Why is historical fiction important?
I think historical fiction is important for all the reasons we know it is:
Instead of numbers, facts and figures, we get a single story about a single person, and that person has the ability to touch our heart, not just our mind. It is as simple as walking in the shoes of another in order to understand and empathize with their life and their experience.
In fact, there is probably no other better way to achieve real empathy, other than “living” another’s life through fiction. Even a film, which can be very moving, is still passive, whereas reading requires your brain to “see, feel, hear” in as close an approximation to having lived it as possible.
I also feel when the history is very graphic or overwhelming, then a relatable, individual story can be the best way for a young reader to enter the time period and learn about it.
Nine, Ten: A September 11 Story has been compared to Lois Lowry’s Number the Stars in the way that it provides an individual story, outside the main horrors of the Holocaust, in order to safely open a door into this otherwise brutal time in history.
I’ve gotten criticism (and yes, I know I shouldn’t read those reviews!) from people who felt there should have been more facts and information about the Twin Towers, more about that day, and the aftermath, (Hello people, did you read the title?) but that’s not the story I set out to tell. What was more important to me was to dive into themes of racism, xenophobia, bravery, and the sanctity of everyday life, which are universal and timeless. I strongly believe that is what literary fiction is supposed to do.
I was not trying to lecture or present facts.
That’s a teacher’s job.
Mine is to raise questions.
Historical fiction should not be a text book (we have plenty of those) but rather, it should tell a Story, with a capital S. Hopefully, that story inspires readers to do their own research, to go out and seek more information IF and when they are ready to do so.
Along the way, and without even knowing it, the reader experiences a greater understanding of their own place in history and their obligation to make the world better than when they entered. My goal is that this happens organically, because my reader sees and feels the power of one small, individual story which speaks to a larger, global one.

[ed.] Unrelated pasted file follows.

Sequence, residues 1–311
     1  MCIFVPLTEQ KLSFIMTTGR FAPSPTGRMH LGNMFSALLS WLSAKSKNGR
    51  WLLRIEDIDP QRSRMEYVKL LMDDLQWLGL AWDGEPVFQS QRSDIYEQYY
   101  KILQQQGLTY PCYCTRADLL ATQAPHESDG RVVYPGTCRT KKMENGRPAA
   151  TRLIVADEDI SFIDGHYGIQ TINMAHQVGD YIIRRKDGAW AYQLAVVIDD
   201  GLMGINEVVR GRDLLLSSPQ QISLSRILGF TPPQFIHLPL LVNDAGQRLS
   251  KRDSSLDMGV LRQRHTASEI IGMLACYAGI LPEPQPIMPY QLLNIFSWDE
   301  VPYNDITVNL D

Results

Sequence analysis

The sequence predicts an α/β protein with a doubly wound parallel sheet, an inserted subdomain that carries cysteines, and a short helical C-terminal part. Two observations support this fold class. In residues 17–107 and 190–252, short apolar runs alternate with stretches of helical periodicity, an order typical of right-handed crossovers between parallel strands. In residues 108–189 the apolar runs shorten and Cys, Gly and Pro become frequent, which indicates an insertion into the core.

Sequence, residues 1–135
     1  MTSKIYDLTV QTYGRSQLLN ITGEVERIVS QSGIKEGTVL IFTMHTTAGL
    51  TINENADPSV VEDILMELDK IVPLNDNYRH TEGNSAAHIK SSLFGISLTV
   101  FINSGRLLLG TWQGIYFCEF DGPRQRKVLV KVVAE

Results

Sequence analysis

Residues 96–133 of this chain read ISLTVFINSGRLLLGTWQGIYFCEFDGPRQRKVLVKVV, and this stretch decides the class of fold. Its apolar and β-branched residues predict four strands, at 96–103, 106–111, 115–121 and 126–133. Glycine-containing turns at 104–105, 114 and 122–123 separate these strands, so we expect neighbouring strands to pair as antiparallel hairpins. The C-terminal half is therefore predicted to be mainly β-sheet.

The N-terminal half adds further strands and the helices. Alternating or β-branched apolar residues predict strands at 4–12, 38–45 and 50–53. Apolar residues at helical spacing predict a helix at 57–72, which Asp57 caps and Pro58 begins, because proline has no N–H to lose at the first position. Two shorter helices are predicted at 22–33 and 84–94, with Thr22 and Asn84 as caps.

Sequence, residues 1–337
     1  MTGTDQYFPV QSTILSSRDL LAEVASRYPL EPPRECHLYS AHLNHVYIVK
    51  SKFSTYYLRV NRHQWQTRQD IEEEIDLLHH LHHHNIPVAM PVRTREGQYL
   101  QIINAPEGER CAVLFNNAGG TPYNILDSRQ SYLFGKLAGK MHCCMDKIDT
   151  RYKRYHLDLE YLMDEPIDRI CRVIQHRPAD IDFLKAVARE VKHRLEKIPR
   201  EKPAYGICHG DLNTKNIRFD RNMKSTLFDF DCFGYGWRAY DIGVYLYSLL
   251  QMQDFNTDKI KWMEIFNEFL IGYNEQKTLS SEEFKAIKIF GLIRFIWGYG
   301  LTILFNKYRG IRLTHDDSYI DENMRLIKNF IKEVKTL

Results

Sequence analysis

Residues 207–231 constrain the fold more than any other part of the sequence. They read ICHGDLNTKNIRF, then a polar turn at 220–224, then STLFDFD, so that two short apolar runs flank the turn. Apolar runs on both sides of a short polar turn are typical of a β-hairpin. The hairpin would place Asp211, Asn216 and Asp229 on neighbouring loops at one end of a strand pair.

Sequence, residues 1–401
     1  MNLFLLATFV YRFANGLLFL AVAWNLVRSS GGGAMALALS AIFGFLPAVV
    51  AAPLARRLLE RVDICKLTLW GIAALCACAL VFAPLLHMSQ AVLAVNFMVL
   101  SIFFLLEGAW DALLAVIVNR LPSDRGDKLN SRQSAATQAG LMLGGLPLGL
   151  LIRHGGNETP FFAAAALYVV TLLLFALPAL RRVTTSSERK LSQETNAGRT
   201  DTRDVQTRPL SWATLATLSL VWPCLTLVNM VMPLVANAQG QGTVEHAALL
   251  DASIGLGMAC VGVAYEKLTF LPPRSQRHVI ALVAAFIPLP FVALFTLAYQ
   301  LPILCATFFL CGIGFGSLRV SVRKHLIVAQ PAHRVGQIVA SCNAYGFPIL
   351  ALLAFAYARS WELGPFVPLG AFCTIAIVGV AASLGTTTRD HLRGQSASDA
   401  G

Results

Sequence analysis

ps– In our society of immediate gratification, instant success, and quick fixes …I give you this Goodreads review of Nine, Ten: A September 11 Story:
I feel like if a young person read this they’d have a lot more questions about 9/11 than answers and that’s not what I would want for the kids I recommend books to.
And I answer with- Yes! More questions! That is exactly what I intended. I want my readers to think, to feel, to seek, and figure out “the truth” for themselves.
I wrote about four young people, from four very diverse backgrounds, and how their lives were altered in one single day on September 11, 2001, which in turn, speaks directly to the world in which my young readers are living today (The Patriot Act, airport security, new vocabulary words, fear of foreigners, distrust of government). They are living it, they should know where it came from.
“How is some event from a long time ago relevant and important to me today?”
That is the question literary historical fiction should answer.